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The Once-Ler

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Unless someone like you cares a whole awful lot, nothing is going to get better. It's not.
~ The Once-ler to Ted.

The Once-Ler is the main antagonist/villain protagonist of Dr.Seuss' The Lorax, being the enigmatic personification of greedy environment destroying businesses.


Now listen here, Dad! All you do is yap-yap and say, Bad! Bad! Bad! Bad! Well, I have my rights, sir, and I'm telling you I intend to go on doing just what I do! And, for your information, you Lorax, I'm figgering on biggering, and BIGGERING, and BIGGERING and BIGGERING...! Turning MORE Truffula Trees into Thneeds which everyone, EVERYONE, EVERYONE needs!
~ The Once-Ler showing his true nature.

The Once-Ler is a man who came to a bright and magical forest of "Truffula Trees" long ago to set up a business making garments called "Thneeds" out of the trees' fluffy foliage. The titular Lorax appears from the stump of the first tree he chops down and insists that he stop, but the Once-Ler dismisses him, saying that he has only chopped down one tree out of thousands and is doing no harm. However, the Thneed business quickly grows in size and popularity and more and more trees are cut down to make more of them as the shop grows into a factory, and the forest starts to become more and more damaged and polluted, driving off the creatures that live there. The Lorax continues begging the Once-Ler to stop and showing him the damage he is doing, but is still ignored. Eventually, all the Truffula Trees are gone and so are all the animals and, since no more Thneeds can be made, the Once-Ler's business ends. As the very last Truffula Tree is cut down, the Lorax "lifts" himself into the air and vanishes, having nothing left to protect, and leaves behind only a stone platform with the word "UNLESS" on it.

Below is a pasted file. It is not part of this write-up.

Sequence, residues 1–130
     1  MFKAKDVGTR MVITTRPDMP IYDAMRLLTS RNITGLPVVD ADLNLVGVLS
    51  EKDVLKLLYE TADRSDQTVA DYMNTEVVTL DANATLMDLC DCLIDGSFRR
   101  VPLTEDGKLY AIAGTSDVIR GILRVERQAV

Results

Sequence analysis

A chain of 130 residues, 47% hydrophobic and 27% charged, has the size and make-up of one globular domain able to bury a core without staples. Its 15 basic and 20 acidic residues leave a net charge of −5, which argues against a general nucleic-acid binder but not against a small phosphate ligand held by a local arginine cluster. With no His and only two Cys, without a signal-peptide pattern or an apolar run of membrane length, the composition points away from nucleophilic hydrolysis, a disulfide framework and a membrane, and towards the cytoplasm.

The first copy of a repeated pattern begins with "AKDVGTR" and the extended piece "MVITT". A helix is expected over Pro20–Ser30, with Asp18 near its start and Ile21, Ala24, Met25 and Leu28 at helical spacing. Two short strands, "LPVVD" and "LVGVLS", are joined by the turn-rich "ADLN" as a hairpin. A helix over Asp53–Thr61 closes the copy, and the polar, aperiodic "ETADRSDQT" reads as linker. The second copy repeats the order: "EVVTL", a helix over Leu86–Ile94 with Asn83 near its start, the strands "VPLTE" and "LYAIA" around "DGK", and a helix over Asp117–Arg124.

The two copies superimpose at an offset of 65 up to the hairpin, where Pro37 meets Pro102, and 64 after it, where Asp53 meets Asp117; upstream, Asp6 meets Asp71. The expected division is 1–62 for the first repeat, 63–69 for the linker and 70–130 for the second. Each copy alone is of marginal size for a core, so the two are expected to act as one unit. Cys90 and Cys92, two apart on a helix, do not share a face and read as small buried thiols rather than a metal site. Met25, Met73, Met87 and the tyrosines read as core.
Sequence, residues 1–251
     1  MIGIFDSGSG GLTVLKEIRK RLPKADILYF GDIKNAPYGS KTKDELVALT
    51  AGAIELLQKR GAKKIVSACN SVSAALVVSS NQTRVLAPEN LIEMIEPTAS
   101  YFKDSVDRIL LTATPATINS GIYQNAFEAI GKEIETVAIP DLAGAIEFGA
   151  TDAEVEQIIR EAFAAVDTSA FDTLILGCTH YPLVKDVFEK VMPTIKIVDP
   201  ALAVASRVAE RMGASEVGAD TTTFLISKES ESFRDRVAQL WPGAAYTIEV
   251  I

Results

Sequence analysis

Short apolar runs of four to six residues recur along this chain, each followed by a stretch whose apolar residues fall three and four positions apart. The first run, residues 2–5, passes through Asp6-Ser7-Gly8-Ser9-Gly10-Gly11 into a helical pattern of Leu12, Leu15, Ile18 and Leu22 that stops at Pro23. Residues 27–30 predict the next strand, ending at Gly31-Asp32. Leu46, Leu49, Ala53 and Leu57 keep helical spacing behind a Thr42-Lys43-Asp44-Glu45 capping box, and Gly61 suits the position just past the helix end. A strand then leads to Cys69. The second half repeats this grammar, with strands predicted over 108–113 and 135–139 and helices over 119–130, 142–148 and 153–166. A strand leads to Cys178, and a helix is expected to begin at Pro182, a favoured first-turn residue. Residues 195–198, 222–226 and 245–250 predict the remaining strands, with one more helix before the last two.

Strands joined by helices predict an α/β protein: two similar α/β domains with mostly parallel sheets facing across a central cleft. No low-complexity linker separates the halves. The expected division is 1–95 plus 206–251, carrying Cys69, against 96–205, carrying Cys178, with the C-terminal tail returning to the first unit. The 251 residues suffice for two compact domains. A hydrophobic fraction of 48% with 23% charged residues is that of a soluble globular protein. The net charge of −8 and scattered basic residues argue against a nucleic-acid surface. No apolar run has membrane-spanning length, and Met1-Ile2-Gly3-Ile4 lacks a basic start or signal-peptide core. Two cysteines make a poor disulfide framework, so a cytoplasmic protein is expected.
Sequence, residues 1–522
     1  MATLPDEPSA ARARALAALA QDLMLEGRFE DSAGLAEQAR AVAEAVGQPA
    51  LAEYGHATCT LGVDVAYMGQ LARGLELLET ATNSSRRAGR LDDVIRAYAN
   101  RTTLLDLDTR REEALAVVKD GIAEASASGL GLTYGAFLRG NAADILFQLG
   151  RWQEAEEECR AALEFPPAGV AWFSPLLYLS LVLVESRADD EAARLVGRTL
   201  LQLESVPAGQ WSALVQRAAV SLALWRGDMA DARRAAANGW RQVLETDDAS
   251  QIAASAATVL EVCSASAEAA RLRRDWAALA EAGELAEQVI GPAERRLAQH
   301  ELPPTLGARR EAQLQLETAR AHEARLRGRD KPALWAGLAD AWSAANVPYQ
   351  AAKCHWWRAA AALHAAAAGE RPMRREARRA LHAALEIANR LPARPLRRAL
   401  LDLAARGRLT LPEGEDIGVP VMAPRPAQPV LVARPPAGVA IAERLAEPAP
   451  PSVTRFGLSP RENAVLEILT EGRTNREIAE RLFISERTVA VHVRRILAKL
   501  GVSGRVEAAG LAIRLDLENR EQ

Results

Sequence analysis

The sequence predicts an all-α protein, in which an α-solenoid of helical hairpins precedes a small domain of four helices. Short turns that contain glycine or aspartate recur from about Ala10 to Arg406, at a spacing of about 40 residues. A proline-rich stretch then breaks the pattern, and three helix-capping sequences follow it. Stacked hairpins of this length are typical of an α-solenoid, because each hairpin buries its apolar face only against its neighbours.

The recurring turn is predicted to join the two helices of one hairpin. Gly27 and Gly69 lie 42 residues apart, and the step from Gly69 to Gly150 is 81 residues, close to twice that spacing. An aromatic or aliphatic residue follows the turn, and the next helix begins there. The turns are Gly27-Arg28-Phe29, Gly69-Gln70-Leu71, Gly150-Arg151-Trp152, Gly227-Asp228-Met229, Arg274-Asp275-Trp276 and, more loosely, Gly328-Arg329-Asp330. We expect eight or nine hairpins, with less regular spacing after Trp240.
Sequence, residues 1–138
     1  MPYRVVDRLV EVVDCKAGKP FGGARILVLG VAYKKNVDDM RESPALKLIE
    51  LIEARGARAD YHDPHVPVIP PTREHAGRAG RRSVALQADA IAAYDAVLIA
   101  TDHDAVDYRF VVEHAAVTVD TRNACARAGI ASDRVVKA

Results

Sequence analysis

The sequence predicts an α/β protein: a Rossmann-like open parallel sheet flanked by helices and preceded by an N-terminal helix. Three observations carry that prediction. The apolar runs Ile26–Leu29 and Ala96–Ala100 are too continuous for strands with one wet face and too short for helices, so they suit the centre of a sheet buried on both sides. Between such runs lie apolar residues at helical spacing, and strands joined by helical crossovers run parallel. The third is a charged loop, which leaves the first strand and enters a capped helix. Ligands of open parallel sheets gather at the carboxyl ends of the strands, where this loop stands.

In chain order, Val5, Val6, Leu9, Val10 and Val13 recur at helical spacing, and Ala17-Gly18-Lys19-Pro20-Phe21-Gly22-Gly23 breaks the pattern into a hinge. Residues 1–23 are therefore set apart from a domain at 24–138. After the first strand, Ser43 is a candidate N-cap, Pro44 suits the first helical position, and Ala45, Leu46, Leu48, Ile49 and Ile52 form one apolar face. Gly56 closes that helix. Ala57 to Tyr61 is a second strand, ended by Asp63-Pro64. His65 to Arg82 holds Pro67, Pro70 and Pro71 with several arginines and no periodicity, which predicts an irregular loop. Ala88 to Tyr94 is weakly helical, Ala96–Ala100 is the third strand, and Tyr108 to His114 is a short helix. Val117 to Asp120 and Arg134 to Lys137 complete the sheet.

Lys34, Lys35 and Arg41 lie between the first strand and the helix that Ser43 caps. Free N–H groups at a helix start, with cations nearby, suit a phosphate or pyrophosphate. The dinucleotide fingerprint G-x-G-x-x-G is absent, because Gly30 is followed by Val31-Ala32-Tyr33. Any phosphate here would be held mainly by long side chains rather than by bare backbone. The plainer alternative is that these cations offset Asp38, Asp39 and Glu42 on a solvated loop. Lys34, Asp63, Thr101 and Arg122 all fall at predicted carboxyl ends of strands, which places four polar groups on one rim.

Years later, the Once-Ler is an old man living all alone in what used to be the Truffula forest and has come to regret his actions. A young boy comes wandering to his house and, after telling his story to him, the Once-Ler gives the boy the very last Truffula seed in existence, telling him that if he plants it and takes care of it, the forest, the animals and the Lorax may eventually return.

Most of the Once-Ler's body is never shown throughout the book. Only his hands and eyes are ever seen. This was done so he could be seen as more of an abstract personification of corporate greed. This is used in the book and the old short film that was around 22 minutes long.

But in the Lorax movie, he's shown fully, not only as a young man in the flashback that comprises much of the story, but at the end when the Truffula seed is planted and he finally emerges from his old house.

While both versions share many strong similarites, both the short film and the movie since both are based in the book, many things were changed too, the most controversial to some was showing The Once-ler´s face in the movie. But the personality of the Once-ler both as a villain and as a former and later hero still resambles a lot of things taken from the book in both "films".

The Once-ler as a young man is portrayed generally as a very optimistic and sometimes a bit thoughtful person in the adaptations and original book, but that does not last long as he becomes more desconsiderated and is obviously taken over by greed.

On the book and short film he is considerated a total and comepletely centered villain. While in the movie his reedement is also just as, if not even more noticable than in the other adaptation and original, it is clear that he was not made entirely the bad guy in the film, leaving the blame almost entirely in some other created character that did not appear in the book. This, just like the other changes, seemed to bother a lot of people when it comes to the moral of the story The Once-ler is in, that anyone could be bad if it took things too far.

"After all, if there is one thing that is left clear, is that no matter how much evil The Once-ler may have caused, it could happen to anyone as well, right?"